Prokofiev: Romeo and Juliet Suite

Our rating 
3.0 out of 5 star rating 3.0

COMPOSERS: Prokofiev
WORKS: Romeo and Juliet Suite
PERFORMER: Chicago Symphony Orchestra/ Riccardo Muti


Riccardo Muti is something of a contradiction in his grand mastery, an explorer in some ways but in others content to rest on his laurels. His recording of Prokofiev’s film music to Ivan the Terrible was both pioneering and still the blazing best, while he championed a Prokofiev rarity back in 1990, The Meeting of the Volga and the Don. But his Romeo and Juliet ‘Suite’ – actually a selection of numbers from the composer’s First and Second Suites – hasn’t changed in decades, and at 48 sometimes laboured minutes it’s not enough. Only compare this with Claudio Abbado and the Berlin Philharmonic’s 68-minute sequence, mixing suite movements with numbers from the full-length ballet.

Perhaps if more of the ballet had been presented, we might buy some of the drawn-out drama in the last two numbers. But here the self-indulgence only seems to glorify the CSO horns. The first love scene is sufficiently aerated to support the gorgeous sounds, and the brass, as one may expect from this orchestra, is splendid throughout; the cornet solo at the heart of the Minuet is as classy-cool as they come. I’ve also never heard ‘Masks’ better articulated. But when it comes to characterisation and tempo changes, it all feels too mannered. Recording is exceptionally vivid, capturing some piercing high frequencies as well as the presence of those stalking tuba lines Prokofiev loved so much. But if it’s still a selection rather than the Wagnerian breadth of the complete ballet you want, Abbado (on DG) is a clear first choice.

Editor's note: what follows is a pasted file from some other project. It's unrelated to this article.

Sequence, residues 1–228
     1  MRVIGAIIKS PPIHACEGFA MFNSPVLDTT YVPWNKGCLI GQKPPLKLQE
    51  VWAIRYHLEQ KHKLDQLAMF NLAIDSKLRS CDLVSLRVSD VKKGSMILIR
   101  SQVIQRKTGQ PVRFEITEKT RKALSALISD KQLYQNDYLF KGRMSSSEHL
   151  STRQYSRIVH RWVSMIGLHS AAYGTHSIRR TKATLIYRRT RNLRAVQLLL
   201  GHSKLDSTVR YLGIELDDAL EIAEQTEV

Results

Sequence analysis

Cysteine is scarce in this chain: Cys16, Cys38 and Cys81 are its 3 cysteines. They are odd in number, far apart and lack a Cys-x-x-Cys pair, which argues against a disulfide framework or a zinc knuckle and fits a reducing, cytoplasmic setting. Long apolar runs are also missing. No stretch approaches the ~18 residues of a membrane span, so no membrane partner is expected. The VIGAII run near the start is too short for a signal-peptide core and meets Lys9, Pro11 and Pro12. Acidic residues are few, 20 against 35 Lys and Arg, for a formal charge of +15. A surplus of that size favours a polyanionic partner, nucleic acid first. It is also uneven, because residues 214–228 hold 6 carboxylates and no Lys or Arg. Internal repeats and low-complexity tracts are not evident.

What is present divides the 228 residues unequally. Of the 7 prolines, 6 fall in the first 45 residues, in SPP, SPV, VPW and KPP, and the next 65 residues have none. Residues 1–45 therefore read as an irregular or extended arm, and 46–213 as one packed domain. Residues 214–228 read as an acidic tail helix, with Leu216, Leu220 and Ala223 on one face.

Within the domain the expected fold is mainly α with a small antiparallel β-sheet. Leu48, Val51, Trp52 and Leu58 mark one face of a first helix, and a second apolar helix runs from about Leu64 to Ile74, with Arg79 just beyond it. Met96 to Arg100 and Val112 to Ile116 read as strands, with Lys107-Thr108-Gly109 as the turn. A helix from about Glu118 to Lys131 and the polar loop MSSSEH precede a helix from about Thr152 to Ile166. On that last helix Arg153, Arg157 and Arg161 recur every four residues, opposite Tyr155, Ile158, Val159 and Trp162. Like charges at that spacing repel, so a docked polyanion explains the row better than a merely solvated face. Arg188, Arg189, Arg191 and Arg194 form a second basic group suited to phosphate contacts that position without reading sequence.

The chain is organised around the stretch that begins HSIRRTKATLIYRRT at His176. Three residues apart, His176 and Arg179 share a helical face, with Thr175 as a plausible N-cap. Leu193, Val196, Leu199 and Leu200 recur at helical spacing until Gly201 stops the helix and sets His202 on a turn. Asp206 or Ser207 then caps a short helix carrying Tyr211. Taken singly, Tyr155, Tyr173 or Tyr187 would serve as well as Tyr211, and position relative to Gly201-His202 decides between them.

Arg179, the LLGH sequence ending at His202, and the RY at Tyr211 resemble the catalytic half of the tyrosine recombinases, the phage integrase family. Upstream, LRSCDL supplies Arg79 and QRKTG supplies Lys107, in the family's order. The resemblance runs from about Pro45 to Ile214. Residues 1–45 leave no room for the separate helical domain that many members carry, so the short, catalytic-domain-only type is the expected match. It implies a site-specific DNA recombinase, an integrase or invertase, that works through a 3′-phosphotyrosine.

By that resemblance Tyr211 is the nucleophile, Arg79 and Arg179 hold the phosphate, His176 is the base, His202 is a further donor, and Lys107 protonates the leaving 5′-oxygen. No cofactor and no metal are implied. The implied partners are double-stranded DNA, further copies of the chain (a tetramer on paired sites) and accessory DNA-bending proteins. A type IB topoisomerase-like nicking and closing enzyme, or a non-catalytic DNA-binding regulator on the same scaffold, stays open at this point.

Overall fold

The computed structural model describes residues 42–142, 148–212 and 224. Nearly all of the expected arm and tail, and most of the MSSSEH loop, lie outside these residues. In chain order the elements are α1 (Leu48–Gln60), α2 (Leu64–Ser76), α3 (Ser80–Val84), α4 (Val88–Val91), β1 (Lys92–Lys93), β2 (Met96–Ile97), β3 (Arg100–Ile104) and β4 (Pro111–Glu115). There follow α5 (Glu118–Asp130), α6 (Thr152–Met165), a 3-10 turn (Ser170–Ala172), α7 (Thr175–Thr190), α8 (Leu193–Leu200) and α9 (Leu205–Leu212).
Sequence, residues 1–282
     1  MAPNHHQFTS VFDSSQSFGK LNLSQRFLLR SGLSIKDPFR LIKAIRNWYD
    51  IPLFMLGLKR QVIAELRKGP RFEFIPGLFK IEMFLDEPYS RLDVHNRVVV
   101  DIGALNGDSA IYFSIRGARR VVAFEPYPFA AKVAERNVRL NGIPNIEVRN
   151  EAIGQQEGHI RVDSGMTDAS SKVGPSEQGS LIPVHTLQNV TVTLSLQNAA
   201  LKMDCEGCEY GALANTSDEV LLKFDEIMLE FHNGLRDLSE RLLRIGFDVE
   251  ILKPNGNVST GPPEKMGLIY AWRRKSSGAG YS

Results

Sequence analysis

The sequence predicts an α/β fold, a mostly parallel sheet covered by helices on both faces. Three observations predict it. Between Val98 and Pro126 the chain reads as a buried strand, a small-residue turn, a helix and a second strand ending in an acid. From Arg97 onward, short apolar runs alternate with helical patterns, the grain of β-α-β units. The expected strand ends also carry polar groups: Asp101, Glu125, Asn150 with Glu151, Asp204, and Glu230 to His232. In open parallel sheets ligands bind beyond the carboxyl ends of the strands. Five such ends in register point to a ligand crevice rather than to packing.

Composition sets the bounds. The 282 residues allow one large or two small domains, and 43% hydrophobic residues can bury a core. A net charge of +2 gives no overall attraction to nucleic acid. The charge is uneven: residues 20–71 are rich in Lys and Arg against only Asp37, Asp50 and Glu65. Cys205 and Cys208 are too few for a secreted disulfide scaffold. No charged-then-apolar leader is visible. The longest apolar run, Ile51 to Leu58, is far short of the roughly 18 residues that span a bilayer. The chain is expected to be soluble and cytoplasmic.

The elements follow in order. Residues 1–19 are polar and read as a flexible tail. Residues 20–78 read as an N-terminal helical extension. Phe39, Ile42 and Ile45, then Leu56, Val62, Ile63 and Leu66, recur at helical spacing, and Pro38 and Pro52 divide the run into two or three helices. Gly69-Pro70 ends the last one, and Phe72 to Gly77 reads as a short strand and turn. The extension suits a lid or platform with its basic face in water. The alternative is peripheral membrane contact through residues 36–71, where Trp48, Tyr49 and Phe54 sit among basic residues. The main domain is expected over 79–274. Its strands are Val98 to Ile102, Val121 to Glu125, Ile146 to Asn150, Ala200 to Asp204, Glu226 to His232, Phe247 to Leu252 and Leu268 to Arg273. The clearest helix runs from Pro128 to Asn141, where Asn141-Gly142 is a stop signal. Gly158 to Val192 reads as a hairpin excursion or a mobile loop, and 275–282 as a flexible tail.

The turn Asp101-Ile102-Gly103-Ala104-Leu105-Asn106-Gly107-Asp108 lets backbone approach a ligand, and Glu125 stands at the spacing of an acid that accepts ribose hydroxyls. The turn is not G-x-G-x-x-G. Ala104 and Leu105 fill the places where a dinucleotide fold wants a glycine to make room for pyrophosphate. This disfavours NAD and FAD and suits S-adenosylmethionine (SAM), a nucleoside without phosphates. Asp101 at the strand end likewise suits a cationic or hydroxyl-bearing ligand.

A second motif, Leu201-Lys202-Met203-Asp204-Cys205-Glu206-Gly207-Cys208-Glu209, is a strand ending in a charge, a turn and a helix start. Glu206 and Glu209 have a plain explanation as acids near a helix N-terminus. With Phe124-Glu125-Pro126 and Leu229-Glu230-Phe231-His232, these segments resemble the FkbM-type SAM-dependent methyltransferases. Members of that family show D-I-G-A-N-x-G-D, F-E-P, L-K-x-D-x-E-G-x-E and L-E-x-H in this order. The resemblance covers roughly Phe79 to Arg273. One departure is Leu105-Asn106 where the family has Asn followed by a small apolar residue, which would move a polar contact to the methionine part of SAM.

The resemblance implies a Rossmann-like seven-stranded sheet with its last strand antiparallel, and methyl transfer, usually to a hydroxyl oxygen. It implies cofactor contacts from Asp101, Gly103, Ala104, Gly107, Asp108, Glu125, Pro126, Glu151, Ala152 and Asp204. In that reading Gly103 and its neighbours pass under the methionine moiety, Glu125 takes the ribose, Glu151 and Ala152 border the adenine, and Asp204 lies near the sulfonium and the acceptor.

David Nice